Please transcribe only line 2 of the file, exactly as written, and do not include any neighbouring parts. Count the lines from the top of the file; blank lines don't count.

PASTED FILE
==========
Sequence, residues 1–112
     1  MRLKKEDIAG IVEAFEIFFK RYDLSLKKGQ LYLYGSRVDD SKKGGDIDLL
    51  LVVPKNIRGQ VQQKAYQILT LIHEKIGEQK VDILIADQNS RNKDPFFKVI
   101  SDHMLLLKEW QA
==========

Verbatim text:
     1  MRLKKEDIAG IVEAFEIFFK RYDLSLKKGQ LYLYGSRVDD SKKGGDIDLL